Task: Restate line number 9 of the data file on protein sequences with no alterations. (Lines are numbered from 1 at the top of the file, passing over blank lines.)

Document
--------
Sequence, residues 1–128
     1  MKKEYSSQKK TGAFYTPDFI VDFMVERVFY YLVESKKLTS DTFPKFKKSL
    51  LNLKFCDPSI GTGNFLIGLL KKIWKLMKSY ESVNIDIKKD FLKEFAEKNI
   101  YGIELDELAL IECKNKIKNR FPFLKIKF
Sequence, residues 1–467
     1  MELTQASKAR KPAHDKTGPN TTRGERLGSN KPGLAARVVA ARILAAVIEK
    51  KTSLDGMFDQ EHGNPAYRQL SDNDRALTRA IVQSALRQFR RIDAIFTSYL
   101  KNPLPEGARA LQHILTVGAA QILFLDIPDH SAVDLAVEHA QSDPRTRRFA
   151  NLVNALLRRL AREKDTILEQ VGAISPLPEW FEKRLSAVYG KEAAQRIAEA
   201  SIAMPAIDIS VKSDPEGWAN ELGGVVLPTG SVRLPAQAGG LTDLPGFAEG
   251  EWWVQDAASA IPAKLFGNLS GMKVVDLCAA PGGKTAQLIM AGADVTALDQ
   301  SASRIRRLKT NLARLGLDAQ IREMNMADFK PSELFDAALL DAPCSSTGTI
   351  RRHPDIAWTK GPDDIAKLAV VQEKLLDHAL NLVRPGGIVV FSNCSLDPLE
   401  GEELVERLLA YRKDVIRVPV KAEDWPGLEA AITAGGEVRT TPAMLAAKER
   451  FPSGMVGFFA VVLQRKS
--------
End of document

   151  NLVNALLRRL AREKDTILEQ VGAISPLPEW FEKRLSAVYG KEAAQRIAEA